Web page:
Whether memories can be suppressed has been a controversial issue in psychology and cognitive neuroscience for decades. We found evidence that emotional memories are suppressed via two time-differentiated neural mechanisms: (i) an initial suppression by the right inferior frontal gyrus over regions supporting sensory components of the memory representation (visual cortex, thalamus), followed by (ii) right medial frontal gyrus control over regions supporting multimodal and emotional components of the memory representation (hippocampus, amygdala), both of which are influenced by fronto-polar regions. These results indicate that memory suppression does occur and, at least in nonpsychiatric populations, is under the control of prefrontal regions.They used used a Think/No-Think paradigm (T/NT) in which individuals attempt to elaborate a memory by repetitively thinking of it (T condition) or to suppress a memory by repetitively not letting it enter consciousness (NT condition).
Fig. 1. (A) Experimental procedure. Individuals were first trained during structural scanning to associate 40 cue-target pairs. During the experimental phase, brain activity was recorded using fMRI while individuals viewed only the face (16 faces per condition, 12 repetitions per face; 3.5 s per face). On some trials they were instructed to think of the previously learned picture; on other trials they were instructed not to let the previously associated picture enter consciousness. The presentation of only the cue (i.e., the face) ensures that individuals manipulate the memory of the target picture. The additional faces (8 items) not shown during this phase acted as a behavioral baseline. During the test phase, the individuals were shown the 40 faces and asked to describe the previously associated picture. (B) Behavioral results: percentage recall for each participant for T trials (green) and NT trials (red), with the dotted line indicating baseline recall for items not viewed in the experimental phase.Here is the last portion of their discussion:
Fig. 2. Functional activation of brain areas involved in (A) cognitive control, (B) sensory representations of memory, and (C) memory processes and emotional components of memory (rSFG, right superior frontal gyrus; rMFG, right middle frontal gyrus; rIFG, right inferior frontal gyrus; Pul, pulvinar; FG, fusiform gyrus; Hip, hippocampus; Amy, amygdala). Red indicates greater activity for NT trials than for T trials; blue indicates the reverse. Conjunction analyses revealed that areas seen in blue are the culmination of increased activity for T trials above baseline as well as decreased activity of NT trials below baseline.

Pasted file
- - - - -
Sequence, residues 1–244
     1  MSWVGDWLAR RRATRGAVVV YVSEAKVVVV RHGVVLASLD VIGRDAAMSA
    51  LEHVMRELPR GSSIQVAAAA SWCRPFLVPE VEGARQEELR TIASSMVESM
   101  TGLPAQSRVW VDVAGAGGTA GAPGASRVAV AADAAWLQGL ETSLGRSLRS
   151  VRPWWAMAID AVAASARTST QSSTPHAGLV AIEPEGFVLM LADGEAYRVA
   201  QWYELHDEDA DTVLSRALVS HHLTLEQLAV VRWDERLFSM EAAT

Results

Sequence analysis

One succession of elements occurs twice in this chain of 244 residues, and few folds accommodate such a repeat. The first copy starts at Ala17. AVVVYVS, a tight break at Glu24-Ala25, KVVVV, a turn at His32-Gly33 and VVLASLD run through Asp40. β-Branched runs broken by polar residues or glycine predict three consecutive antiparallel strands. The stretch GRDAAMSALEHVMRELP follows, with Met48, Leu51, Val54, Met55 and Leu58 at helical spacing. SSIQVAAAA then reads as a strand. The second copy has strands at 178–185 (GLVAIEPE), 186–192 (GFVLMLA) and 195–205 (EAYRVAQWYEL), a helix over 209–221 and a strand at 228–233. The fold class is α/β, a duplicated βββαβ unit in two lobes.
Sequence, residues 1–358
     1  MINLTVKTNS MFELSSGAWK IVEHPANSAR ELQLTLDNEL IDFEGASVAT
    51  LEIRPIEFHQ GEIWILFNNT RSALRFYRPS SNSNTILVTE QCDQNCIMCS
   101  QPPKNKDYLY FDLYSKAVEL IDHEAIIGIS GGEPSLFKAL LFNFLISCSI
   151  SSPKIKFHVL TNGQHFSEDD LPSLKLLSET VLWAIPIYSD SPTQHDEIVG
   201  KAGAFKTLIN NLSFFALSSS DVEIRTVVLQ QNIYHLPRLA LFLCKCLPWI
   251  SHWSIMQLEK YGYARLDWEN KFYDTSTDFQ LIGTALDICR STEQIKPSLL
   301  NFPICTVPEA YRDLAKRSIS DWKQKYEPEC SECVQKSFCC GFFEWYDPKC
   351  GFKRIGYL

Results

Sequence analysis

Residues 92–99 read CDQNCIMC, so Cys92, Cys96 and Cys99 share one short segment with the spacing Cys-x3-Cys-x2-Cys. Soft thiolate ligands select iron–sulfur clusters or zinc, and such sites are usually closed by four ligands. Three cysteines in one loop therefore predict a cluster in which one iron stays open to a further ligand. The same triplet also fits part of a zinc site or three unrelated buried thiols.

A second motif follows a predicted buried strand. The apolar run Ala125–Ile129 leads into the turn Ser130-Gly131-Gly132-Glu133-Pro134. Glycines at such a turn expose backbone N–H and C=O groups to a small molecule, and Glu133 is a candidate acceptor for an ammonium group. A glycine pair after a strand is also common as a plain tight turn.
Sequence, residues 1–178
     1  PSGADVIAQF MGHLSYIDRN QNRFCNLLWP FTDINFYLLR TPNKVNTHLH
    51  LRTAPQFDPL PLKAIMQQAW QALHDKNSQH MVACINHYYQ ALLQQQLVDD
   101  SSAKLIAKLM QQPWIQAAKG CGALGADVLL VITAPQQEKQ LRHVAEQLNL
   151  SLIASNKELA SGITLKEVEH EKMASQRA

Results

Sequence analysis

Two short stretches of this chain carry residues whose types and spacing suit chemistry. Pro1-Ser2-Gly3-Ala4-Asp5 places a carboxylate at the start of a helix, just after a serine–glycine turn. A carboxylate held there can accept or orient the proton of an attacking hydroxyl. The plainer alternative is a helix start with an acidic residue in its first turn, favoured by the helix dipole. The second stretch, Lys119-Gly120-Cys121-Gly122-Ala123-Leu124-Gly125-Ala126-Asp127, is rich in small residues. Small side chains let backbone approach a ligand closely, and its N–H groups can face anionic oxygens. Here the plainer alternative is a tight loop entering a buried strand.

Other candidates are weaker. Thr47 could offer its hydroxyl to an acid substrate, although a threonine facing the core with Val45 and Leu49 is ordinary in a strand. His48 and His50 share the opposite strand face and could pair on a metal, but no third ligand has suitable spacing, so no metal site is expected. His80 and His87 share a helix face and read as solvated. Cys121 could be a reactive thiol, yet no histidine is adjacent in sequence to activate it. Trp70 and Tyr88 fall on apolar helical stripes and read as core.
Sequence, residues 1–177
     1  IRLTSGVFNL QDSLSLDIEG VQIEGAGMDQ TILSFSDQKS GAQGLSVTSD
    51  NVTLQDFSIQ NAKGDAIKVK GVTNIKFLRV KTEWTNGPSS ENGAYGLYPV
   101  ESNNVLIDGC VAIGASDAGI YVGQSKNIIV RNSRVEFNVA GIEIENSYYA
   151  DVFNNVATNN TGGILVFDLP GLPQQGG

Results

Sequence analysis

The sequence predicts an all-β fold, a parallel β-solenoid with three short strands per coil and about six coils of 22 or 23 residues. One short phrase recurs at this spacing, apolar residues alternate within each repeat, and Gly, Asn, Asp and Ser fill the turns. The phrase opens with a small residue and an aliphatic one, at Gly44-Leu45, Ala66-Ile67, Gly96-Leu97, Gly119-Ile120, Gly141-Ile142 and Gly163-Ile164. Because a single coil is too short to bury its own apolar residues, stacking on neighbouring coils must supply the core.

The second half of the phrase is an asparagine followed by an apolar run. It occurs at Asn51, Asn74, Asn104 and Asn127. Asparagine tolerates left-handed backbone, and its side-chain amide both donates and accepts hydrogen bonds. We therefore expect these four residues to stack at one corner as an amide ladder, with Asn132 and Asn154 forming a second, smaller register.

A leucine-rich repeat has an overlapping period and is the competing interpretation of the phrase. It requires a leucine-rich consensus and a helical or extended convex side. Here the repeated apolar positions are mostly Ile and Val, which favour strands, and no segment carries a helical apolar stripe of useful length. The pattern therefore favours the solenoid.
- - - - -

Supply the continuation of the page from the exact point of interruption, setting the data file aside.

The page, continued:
At a broader level, our findings extend research suggesting that prefrontal brain areas associated with inhibitory mechanisms (BA 10 and superior, inferior, and middle FG) are lateralized predominantly to the right hemisphere. We have shown the involvement of these areas in the suppression of emotional memories, which replicates current literature suggesting that these areas are active in the suppression of emotional reactivity. Activity in these brain areas, along with inhibition over Hip and Amy, suggests that suppression of emotional memories may use mechanisms similar to those used in emotion regulation. Thus, various right-lateralized PFC areas may be involved in coordinating suppression processes across many behavioral domains, including memory retrieval, motor processes, feelings of social rejection, self motives, and state emotional reactivity.
Our findings may have implications for therapeutic approaches to disorders involving the inability to suppress emotionally distressing memories and thoughts, including PTSD, phobias, ruminative depression/anxiety, and OCD. They provide the possibility for approaches to controlling memories by suppressing sensory aspects of memory and/or by strengthening cognitive control over memory and emotional processes through repeated practice. Refinement of therapeutic procedures based on these distinct means of manipulating emotional memory might be an exciting and fruitful development in future clinical research.
Our results suggest that effective voluntary suppression of emotional memory only develops with repeated attempts to cognitively control posterior brain areas underlying instantiated memories. In this sense, memory suppression may best be conceived as a dynamic process in which the brain acquires multiple modulatory influences to reduce the likelihood of retrieving unwanted memories.